ISAF Acknowledges Afghan Human Rights Commission Report Release


Kabul/Islamabad: The International Security Assistance Force (ISAF) strongly agrees with the Afghanistan Independent Human Rights Commission (AIHRC) on the importance of the humane treatment of detainees in Afghanistan.  ISAF is pleased to note that the AIHRC report highlighted the ISAF six-phase program and our proactive response plan that was implemented following the Oct. 10, 2011 UNAMA report.

Four of the facilities listed in this most recent report were previously listed in the earlier UNAMA report and have been enrolled in the ISAF certification program. These include NDS Kabul 124, NDS Herat, NDS Kandahar and NDS Laghman which are among 16 facilities that ISAF suspended due to intelligence reports and evidence provided by UNAMA.  It is important to note that most of the cases of abuse described in the AIHRC report occurred prior to the implementation of ISAF’s six-phase remediation plan and inspections regime.  Although the AIHRC alleges instances of post-suspension transfers, ISAF investigated these claims prior to the release of the report and as we have previously informed them, no ISAF or USFOR-A detainees were transferred to any suspended Afghan facility.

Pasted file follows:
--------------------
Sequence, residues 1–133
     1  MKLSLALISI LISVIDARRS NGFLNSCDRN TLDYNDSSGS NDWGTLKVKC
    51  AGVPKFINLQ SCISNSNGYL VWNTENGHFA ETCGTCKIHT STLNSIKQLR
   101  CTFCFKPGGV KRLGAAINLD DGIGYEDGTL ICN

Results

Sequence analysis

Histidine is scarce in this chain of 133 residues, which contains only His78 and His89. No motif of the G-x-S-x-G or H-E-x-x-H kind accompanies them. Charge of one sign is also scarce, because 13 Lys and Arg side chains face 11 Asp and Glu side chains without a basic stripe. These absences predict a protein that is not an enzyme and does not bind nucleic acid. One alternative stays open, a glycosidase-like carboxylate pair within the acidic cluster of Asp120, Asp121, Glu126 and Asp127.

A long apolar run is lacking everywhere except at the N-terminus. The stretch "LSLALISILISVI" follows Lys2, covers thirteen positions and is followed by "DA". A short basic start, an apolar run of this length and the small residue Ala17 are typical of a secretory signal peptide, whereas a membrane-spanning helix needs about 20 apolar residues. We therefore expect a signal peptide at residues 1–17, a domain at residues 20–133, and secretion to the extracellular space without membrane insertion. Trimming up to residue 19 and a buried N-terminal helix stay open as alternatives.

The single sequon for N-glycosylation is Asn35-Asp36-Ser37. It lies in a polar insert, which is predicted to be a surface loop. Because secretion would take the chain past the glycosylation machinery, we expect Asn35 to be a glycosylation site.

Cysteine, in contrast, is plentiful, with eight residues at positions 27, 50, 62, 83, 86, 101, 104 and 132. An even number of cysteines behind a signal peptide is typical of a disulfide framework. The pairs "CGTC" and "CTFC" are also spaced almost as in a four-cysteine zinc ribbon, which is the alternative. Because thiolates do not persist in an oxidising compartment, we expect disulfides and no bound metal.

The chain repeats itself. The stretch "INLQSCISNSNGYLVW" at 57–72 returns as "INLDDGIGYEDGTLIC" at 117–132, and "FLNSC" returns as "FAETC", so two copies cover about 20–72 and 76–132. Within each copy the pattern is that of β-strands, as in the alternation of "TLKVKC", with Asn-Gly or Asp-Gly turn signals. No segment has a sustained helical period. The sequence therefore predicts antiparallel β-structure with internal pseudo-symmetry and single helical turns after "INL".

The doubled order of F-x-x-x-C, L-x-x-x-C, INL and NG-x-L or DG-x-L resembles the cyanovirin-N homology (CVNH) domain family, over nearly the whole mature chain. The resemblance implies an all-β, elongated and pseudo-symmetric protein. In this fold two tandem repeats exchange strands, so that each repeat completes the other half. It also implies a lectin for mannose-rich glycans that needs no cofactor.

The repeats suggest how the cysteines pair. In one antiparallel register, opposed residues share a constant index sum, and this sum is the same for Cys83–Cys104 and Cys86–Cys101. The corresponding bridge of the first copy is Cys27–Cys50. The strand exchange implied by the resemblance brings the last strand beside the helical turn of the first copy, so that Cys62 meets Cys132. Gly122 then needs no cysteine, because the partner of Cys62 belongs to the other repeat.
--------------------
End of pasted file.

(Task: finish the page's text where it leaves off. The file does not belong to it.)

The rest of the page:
In response to earlier discussions with AIHRC, ISAF recently suspended detainee transfers to four additional Afghan facilities, which are identified in their report.  These are NDS Badakshan, NDS Wardak, NDS Nangahar and ANP Kandahar.  ISAF will investigate the allegation pertaining to the NDS Keshim District facility in the report, as this is new information to ISAF, and we take all allegations seriously.  Additionally, ISAF is monitoring the NDS Helmand, Helmand Juvenile Corrections Center and NDS Kabul Dept 40 facilities for compliance with Afghan law and international standards. ISAF and our international partner nations will provide additional training and resources as needed.

“ISAF and Government Islamic Republic of Afghanistan (GIRoA) are committed to ensuring the safety of all detainees and ensuring they are treated in a humane manner that meets ISAF and Afghan obligations,” said General John R. Allen, commander of ISAF.  “Though our program has been successful so far in addressing detention operations in Afghanistan, we are examining the report in detail now to determine if additional suspensions of transfer are warranted,” Allen added.

Currently, 14 of the 16 facilities that ISAF had previously halted transfers have completed the remediation and inspection program.  These have now been certified and are able to again receive detainees.